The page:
Sri Lanka 239 & 257
Pakistan 403 & 94/1 (24.1 ov)
Pakistan won by 9 wickets
- Pakistan v Sri Lanka Test Series – 2nd Test
- Test no. 2011 | 2011/12 season
- Played at Dubai International Cricket Stadium (neutral venue)
- 26,27,28,29 October 2011 (5-day match)
|Sri Lanka 1st innings||R||B||4s||6s||SR|
|NT Paranavitana||c Misbah-ul-Haq b Umar Gul||6||29||0||0||20.68|
|HDRL Thirimanne||lbw b Umar Gul||1||3||0||0||33.33|
|KC Sangakkara||c Asad Shafiq b Abdur Rehman||78||122||11||0||63.93|
|DPMD Jayawardene||c Misbah-ul-Haq b Umar Gul||6||4||1||0||150.00|
|TM Dilshan*||c Misbah-ul-Haq b Junaid Khan||7||8||1||0||87.50|
|AD Mathews||c †Adnan Akmal b Junaid Khan||19||42||3||0||45.23|
|JK Silva†||lbw b Abdur Rehman||20||36||2||0||55.55|
|KTGD Prasad||c †Adnan Akmal b Saeed Ajmal||7||29||1||0||24.13|
|HMRKB Herath||c Younis Khan b Saeed Ajmal||29||67||2||0||43.28|
|UWMBCA Welegedara||st †Adnan Akmal b Saeed Ajmal||48||127||4||2||37.79|
|RAS Lakmal||not out||0||13||0||0||0.00|
|Extras||(b 5, lb 7, nb 6)||18|
|Total||(all out; 79 overs)||239||(3.02 runs per over)|
|Fall of wickets1-3 (Thirimanne, 2.2 ov), 2-24 (Paranavitana, 8.2 ov), 3-30 (Jayawardene, 8.6 ov), 4-45 (Dilshan, 11.6 ov), 5-73 (Mathews, 24.2 ov), 6-127 (Silva, 35.5 ov), 7-154 (Prasad, 44.6 ov), 8-154 (Sangakkara, 45.1 ov), 9-229 (Herath, 74.1 ov), 10-239 (Welegedara, 78.6 ov)|
|Pakistan 1st innings||R||B||4s||6s||SR|
|Mohammad Hafeez||lbw b Prasad||33||63||4||0||52.38|
|Taufeeq Umar||c †Silva b Prasad||27||75||3||0||36.00|
|Azhar Ali||lbw b Dilshan||100||242||9||0||41.32|
|Younis Khan||b Dilshan||55||103||2||1||53.39|
|Misbah-ul-Haq*||c Jayawardene b Welegedara||41||113||2||1||36.28|
|Saeed Ajmal||c Mathews b Welegedara||20||51||1||0||39.21|
|Asad Shafiq||c Jayawardene b Prasad||59||101||4||1||58.41|
|Adnan Akmal†||c †Silva b Dilshan||41||80||4||0||51.25|
|Abdur Rehman||b Herath||0||12||0||0||0.00|
|Umar Gul||lbw b Herath||2||3||0||0||66.66|
|Junaid Khan||not out||0||7||0||0||0.00|
|Extras||(b 10, lb 10, w 2, nb 3)||25|
|Total||(all out; 141.1 overs)||403||(2.85 runs per over)|
|Fall of wickets1-63 (Taufeeq Umar, 21.1 ov), 2-64 (Mohammad Hafeez, 23.3 ov), 3-181 (Younis Khan, 63.2 ov), 4-275 (Azhar Ali, 97.5 ov), 5-283 (Misbah-ul-Haq, 100.4 ov), 6-324 (Saeed Ajmal, 114.2 ov), 7-394 (Asad Shafiq, 133.1 ov), 8-397 (Abdur Rehman, 136.2 ov), 9-399 (Umar Gul, 136.5 ov), 10-403 (Adnan Akmal, 141.1 ov)|
|Sri Lanka 2nd innings||R||B||4s||6s||SR|
|NT Paranavitana||c Younis Khan b Saeed Ajmal||72||239||4||0||30.12|
|HDRL Thirimanne||b Mohammad Hafeez||8||45||0||0||17.77|
|KC Sangakkara||lbw b Abdur Rehman||30||99||0||0||30.30|
|DPMD Jayawardene||b Saeed Ajmal||5||34||0||0||14.70|
|TM Dilshan*||lbw b Junaid Khan||3||5||0||0||60.00|
|AD Mathews||not out||52||143||5||1||36.36|
|JK Silva†||c Saeed Ajmal b Junaid Khan||8||20||1||0||40.00|
|KTGD Prasad||b Abdur Rehman||33||48||4||0||68.75|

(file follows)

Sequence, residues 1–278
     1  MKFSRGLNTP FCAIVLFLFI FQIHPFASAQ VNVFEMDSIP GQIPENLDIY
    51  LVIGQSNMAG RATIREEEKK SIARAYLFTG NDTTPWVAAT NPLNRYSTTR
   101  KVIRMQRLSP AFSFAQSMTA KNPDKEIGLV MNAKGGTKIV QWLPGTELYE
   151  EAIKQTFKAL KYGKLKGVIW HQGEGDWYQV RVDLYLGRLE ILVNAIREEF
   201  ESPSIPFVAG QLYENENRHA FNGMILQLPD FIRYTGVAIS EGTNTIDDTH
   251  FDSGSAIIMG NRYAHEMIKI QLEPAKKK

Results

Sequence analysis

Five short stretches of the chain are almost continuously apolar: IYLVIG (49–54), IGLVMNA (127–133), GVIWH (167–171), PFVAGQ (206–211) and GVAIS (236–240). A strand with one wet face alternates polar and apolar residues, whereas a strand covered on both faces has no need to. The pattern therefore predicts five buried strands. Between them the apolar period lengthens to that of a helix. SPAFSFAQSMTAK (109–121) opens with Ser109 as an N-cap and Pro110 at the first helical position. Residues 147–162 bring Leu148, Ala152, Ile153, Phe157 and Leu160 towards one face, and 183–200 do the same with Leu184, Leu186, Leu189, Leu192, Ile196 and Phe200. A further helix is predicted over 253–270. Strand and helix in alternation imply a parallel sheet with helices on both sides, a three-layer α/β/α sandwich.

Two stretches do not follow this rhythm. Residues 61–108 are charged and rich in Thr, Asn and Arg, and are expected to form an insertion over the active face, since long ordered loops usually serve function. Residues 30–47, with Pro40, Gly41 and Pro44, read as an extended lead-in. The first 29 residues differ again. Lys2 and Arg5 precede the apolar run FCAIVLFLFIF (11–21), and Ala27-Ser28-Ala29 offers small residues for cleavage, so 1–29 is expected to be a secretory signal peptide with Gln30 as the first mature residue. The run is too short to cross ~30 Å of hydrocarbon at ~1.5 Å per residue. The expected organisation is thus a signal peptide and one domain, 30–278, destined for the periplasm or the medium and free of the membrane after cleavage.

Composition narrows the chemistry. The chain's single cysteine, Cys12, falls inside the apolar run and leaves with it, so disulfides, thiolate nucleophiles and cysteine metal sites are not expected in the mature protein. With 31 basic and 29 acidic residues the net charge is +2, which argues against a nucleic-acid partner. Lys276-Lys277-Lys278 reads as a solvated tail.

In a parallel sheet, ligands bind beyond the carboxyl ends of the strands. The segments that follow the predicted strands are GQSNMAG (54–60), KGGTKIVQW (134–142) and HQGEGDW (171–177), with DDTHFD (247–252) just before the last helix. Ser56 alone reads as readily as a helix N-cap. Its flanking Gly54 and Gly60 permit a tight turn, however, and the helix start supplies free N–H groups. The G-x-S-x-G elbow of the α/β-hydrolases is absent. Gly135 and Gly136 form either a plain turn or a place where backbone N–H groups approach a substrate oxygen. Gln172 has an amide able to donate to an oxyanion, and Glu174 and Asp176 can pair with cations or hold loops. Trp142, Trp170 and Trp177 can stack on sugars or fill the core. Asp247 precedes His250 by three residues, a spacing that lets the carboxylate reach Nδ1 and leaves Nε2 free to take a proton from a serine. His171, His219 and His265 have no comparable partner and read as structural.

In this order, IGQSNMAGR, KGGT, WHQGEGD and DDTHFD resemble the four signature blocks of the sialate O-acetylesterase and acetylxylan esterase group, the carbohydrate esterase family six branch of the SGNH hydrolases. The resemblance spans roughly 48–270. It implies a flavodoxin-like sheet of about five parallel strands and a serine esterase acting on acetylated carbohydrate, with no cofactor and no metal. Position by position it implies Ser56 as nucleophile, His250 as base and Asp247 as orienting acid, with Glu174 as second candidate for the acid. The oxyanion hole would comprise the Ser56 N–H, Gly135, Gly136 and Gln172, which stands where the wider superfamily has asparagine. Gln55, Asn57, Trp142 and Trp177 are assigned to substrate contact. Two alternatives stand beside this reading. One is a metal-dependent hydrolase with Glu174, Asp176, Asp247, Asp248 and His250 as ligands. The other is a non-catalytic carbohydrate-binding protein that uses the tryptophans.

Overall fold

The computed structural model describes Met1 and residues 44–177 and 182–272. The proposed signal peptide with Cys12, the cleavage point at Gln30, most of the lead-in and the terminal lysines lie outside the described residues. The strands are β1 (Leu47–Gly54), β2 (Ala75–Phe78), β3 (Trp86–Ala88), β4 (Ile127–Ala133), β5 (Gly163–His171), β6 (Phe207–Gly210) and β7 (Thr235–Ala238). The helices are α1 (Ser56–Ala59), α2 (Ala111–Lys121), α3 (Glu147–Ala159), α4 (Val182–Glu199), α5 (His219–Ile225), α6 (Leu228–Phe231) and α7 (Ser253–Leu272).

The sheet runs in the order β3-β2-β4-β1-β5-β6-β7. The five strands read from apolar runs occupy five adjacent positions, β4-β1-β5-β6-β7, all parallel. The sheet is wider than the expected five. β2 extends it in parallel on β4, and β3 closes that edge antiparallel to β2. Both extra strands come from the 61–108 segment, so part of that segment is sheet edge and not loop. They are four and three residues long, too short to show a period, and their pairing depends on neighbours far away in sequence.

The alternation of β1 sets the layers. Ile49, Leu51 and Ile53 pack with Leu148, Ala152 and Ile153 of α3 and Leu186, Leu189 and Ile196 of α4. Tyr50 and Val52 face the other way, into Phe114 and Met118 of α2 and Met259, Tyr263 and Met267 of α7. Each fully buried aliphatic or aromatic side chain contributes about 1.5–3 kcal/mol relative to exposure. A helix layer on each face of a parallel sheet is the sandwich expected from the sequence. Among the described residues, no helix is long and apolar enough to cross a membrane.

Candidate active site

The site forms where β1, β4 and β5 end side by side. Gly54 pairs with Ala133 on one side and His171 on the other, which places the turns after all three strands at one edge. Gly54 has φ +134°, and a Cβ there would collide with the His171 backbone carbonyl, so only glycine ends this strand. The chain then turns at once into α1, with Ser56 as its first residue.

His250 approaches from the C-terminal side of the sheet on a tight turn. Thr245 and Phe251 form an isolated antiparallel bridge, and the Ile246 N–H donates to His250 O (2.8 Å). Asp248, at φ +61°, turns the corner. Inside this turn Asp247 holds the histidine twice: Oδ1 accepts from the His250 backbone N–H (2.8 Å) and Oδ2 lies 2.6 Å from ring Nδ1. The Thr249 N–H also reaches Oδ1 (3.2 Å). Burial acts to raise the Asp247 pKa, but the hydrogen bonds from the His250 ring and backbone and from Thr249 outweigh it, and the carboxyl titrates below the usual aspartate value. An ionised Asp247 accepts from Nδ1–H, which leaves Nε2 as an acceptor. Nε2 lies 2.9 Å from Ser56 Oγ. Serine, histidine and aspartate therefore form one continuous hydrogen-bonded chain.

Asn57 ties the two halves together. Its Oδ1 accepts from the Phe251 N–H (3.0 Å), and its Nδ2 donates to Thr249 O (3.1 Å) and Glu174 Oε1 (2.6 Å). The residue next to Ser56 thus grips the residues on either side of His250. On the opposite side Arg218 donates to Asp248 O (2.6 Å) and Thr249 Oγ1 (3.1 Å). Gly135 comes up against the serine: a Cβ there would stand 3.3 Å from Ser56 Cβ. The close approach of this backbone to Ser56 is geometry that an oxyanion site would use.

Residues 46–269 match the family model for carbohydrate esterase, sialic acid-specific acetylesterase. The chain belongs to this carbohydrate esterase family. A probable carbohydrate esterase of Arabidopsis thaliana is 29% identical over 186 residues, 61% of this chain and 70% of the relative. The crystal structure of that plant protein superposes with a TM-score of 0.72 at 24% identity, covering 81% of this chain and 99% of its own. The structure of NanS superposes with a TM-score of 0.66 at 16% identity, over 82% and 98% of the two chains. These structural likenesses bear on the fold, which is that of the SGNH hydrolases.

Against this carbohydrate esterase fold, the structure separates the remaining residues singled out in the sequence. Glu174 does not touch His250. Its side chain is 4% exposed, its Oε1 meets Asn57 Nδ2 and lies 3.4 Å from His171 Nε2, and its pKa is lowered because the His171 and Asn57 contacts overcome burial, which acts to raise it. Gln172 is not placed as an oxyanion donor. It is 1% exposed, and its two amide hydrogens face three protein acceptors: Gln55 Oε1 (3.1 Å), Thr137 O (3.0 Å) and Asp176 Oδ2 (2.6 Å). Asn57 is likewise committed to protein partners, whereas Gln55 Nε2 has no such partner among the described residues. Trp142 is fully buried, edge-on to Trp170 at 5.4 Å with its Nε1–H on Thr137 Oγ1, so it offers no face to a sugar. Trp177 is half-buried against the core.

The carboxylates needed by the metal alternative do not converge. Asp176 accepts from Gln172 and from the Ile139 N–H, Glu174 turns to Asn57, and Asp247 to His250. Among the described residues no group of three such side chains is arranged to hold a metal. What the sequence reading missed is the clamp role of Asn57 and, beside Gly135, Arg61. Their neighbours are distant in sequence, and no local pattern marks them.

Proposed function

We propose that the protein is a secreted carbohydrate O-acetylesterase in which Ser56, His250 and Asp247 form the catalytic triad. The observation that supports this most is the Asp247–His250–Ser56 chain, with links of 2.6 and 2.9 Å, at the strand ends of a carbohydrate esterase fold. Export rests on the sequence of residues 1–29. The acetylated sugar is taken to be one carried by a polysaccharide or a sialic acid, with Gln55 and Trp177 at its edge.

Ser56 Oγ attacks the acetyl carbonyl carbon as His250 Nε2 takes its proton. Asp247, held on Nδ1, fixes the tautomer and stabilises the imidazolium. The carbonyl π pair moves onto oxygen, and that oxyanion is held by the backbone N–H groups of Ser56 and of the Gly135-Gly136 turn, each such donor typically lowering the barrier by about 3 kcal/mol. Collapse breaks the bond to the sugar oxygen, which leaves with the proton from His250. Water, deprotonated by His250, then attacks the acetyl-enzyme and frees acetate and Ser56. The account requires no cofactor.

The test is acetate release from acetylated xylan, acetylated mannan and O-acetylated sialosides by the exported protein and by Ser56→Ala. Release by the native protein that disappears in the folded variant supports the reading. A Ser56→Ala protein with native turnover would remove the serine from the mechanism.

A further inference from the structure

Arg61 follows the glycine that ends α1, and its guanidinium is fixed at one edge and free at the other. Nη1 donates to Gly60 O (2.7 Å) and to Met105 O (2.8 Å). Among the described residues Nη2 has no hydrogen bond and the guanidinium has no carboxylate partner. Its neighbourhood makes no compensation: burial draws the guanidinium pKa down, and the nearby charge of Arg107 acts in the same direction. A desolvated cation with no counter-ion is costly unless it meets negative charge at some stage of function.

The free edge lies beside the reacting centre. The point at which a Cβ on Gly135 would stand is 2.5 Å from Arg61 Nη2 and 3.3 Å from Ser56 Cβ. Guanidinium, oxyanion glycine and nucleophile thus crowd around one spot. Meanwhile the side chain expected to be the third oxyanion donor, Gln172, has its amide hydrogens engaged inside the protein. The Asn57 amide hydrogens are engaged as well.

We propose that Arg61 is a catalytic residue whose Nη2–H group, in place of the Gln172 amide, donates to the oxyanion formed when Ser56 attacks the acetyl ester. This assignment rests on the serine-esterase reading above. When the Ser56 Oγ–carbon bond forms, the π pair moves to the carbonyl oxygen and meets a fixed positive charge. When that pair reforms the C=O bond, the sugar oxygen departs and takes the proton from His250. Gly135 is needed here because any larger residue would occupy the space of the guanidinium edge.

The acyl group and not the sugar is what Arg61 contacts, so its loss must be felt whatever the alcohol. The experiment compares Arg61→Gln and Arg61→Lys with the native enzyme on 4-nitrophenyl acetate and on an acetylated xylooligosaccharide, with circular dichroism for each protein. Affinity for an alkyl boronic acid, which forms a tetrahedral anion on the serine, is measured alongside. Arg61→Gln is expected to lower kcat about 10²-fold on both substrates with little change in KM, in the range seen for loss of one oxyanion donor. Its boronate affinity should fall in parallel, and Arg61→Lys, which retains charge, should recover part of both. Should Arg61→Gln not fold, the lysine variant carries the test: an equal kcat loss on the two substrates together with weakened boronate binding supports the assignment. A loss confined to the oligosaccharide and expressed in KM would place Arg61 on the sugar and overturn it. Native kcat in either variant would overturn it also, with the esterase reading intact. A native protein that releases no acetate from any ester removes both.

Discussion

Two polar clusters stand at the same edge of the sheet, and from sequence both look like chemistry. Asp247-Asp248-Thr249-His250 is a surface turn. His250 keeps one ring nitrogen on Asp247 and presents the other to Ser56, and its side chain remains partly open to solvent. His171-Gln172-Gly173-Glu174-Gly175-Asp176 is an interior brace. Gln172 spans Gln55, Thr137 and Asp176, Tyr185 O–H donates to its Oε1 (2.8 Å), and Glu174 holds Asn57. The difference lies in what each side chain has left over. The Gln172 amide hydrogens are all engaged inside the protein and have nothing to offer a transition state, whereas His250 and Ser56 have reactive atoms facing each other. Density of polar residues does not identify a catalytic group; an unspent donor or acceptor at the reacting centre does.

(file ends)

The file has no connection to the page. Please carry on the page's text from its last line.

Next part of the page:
|HMRKB Herath||c Misbah-ul-Haq b Saeed Ajmal||15||15||2||0||100.00|
|UWMBCA Welegedara||lbw b Saeed Ajmal||4||4||1||0||100.00|
|RAS Lakmal||b Saeed Ajmal||8||9||2||0||88.88|
|Extras||(b 14, lb 3, nb 2)||19|
|Total||(all out; 109.5 overs)||257||(2.33 runs per over)|
|Fall of wickets1-22 (Thirimanne, 13.1 ov), 2-95 (Sangakkara, 48.6 ov), 3-113 (Jayawardene, 60.3 ov), 4-116 (Dilshan, 61.3 ov), 5-141 (Paranavitana, 79.1 ov), 6-166 (Silva, 86.6 ov), 7-222 (Prasad, 100.3 ov), 8-243 (Herath, 105.1 ov), 9-247 (Welegedara, 105.5 ov), 10-257 (Lakmal, 109.5 ov)|
|Pakistan 2nd innings (target: 94 runs)||R||B||4s||6s||SR|
|Mohammad Hafeez||not out||59||64||5||2||92.18|
|Taufeeq Umar||b Herath||1||9||0||0||11.11|
|Azhar Ali||not out||29||72||0||1||40.27|
|Extras||(b 4, lb 1)||5|
|Total||(1 wicket; 24.1 overs)||94||(3.88 runs per over)|
|Did not bat Younis Khan, Misbah-ul-Haq*, Asad Shafiq, Adnan Akmal†, Umar Gul, Saeed Ajmal, Junaid Khan, Abdur Rehman|
|Fall of wickets1-17 (Taufeeq Umar, 4.1 ov)|
|Toss Sri Lanka, who chose to bat
Series Pakistan led the 3-match series 1-0
|Test debut JK Silva (Sri Lanka)
Player of the match Saeed Ajmal (Pakistan)
|Umpires AL Hill (New Zealand) and SK Tarapore (India)
TV umpire Zameer Haider (Pakistan)
Match referee DC Boon (Australia)
Reserve umpire Shozab Raza (Pakistan)
|Close of play
26 Oct day 1 – Pakistan 1st innings 42/0 (Mohammad Hafeez ?*, Taufeeq Umar ?*, 9 ov)
27 Oct day 2 – Pakistan 1st innings 281/4 (Misbah-ul-Haq ?*, Saeed Ajmal ?*, 99 ov)
28 Oct day 3 – Sri Lanka 2nd innings 88/1 (NT Paranavitana ?*, KC Sangakkara ?*, 45 ov)
29 Oct day 4 – Pakistan 2nd innings 94/1 (24.1 ov) – end of match
On the 59th anniversary of their first Test win, Pakistan’s fast bowlers moved on sensationally from the demoralising fielding debacle in Abu Dhabi, but the spinners didn’t enjoy such good fortune. Even though Misbah-ul-Haq took three slip catches off the quicks, Taufeeq Umar dropped Kumar Sangakkara on 27 and Younis Khan reprieved Rangana Herath off the first ball he faced. Consequently 73 for 5 became 154 for 6, and 154 for 8 turned into 239 all out. However, the early damage was so severe that the day still belonged to Pakistan, especially because the openers brought the deficit under 200 in the nine testing overs bowled at them.